For example, there are more passages in Scripture about money and economic principles then there are about prayer. But you’d never know it sitting in church Sunday after Sunday (except for the self-serving emphasis on giving to the church and the Old Testament practice of tithing).
When was the last time we taught God’s people about sound economic principles and policies, such as the dangers of false weights (i.e., inflating our currency), or the dangers of borrowing (i.e., deficit spending), or the dangers of the State violating the domain of individual self-government and personal responsibility (i.e., expecting the State to meet our personal economic needs); or the danger of using centralized state power to solve our problems (which God warns in I Samuel 8 will result in oppression as the State runs and controls all aspects of our lives)?
Only if we expand our faith and understanding to encompass all spheres of human activity can we have solemn convocations and intercessory assemblies that result in God healing our churches and our land.
Focused Prayer with Understanding
Rather than spending hours and hours crying out to God in vain repetition, how about setting aside some time for a mature, gifted teacher to explain one of the wicked ways (i.e., a problem) that has contributed to our church or nation facing the brink of calamity, followed by an explanation of God’s alternative way (i.e., the answer)?
Then have everyone respond in that same meeting by humbling themselves, praying, seeking God’s face, repenting and pledging to submit to God’s way on that specific point.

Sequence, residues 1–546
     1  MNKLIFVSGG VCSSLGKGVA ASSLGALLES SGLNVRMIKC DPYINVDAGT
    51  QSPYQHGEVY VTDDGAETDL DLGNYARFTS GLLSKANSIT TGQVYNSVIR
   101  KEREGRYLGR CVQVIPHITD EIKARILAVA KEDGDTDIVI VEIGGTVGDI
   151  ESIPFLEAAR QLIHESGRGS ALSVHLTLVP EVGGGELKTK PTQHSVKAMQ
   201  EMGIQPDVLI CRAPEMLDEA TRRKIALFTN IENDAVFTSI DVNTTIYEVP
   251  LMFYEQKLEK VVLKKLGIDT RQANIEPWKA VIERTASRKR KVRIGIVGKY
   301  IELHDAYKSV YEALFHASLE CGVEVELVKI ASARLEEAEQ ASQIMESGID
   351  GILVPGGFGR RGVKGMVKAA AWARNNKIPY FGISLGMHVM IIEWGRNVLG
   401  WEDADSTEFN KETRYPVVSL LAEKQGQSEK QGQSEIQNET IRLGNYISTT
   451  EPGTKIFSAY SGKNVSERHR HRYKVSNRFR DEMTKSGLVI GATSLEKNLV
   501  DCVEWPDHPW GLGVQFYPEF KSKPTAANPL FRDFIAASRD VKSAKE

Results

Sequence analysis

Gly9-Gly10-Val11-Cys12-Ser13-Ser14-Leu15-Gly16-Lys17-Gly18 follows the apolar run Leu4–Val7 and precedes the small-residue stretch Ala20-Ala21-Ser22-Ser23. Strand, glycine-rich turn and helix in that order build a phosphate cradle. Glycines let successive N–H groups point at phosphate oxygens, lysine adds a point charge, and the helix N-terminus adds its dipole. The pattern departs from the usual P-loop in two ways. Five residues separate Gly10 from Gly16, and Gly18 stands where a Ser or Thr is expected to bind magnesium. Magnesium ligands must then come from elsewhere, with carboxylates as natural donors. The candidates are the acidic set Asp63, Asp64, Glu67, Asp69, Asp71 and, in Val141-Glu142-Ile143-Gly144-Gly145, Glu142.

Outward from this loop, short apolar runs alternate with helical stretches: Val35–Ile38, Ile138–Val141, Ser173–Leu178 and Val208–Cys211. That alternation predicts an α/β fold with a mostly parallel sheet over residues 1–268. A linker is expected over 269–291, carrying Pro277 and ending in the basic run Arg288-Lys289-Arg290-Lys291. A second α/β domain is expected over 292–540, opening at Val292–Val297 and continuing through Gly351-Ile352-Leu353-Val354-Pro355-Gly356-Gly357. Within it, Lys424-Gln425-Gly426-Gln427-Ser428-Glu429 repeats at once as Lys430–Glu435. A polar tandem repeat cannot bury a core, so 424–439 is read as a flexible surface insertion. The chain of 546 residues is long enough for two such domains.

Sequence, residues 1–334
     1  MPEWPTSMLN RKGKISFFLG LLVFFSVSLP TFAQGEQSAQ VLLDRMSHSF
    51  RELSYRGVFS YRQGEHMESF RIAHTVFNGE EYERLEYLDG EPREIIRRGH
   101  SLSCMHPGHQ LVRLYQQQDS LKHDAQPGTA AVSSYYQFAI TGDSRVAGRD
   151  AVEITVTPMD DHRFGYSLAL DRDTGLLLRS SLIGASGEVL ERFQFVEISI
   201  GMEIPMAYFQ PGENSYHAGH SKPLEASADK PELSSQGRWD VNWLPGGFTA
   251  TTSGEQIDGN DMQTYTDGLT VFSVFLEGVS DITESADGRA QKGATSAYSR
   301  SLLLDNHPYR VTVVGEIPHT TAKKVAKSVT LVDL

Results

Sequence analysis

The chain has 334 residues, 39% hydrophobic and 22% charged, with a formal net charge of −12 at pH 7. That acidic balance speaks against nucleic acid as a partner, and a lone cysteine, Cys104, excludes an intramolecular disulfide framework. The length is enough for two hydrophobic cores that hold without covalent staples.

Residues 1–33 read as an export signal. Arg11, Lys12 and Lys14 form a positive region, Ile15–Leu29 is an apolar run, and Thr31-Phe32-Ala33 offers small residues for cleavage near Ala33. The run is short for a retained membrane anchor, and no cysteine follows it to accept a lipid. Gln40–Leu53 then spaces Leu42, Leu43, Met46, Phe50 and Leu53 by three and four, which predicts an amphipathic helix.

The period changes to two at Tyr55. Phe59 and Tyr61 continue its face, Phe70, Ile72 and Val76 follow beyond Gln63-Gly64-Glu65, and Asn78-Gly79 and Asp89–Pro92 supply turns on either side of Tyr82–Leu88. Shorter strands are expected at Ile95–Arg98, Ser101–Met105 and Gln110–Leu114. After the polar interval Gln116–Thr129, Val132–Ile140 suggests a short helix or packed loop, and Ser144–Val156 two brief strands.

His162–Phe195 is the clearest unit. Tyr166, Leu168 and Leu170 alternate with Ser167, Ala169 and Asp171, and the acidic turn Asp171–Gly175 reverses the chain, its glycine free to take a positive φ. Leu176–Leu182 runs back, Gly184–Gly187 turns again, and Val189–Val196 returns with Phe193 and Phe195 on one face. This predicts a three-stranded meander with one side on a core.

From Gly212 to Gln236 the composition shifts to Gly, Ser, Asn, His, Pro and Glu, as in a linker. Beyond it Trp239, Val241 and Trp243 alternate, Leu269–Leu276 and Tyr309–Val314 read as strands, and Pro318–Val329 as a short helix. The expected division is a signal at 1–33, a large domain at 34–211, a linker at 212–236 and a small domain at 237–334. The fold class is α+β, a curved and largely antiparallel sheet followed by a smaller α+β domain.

Once there is a sense of breakthrough on that issue, move on to the next issue, with teaching followed again by fervent prayer and repentance. Methodically work through issue after issue for however long, and however many meetings, it takes.
As we are taught God’s specific ways at those gatherings, we then are able to respond, just as with Israel of old, by seeking His face and crying out to God in specific repentance for how we (not others) have violated His specific precepts.
The problem we need to confront is that we, as God’s people, have forsaken His ways (in fact, we haven’t even cared enough to learn or teach His ways), and thus have relegated our churches and nation to others who took them in the wrong direction.
We have forgotten that God is sovereign – for our blessing – over all spheres of human endeavor, and not just the personal, “spiritual” aspects of our individual faith.
Let’s not cry out so much for deliverance from others – we have caused this mess in our churches and nation, and God is looking for us to acknowledge the sin of ignorance regarding His ways.
He then is looking to see if we are humble enough to commit to Him, not only subjectively in our personal lives, but also to His objective principles and precepts as they relate to the problems our churches and nation are facing.
Only as we once again seek and learn God’s ways can we repent of our wicked ways.
Only as we understand His ways can we turn again to Him and once more see God’s blessing and providence poured out on our churches and nation.
God is calling forth His intercessors, but where are our leaders who will hear and heed God’s call to begin teaching His ways? God help us if no leaders arise to search Scripture and then teach God’s precepts for all spheres of life.
Consistent with 2 Chronicles 7:14, it is never too late to begin “humbling” ourselves by acknowledging that our ways are not His ways…
To begin “praying” with understanding as we are taught His ways…
To begin “seeking” His face rather than seeking our own affirmation or agenda…
And then begin to “turn” from our wicked ways as we once again start to understand what it means to be God’s preserving salt and illuminating light to a desperate world.
~ Jim Wright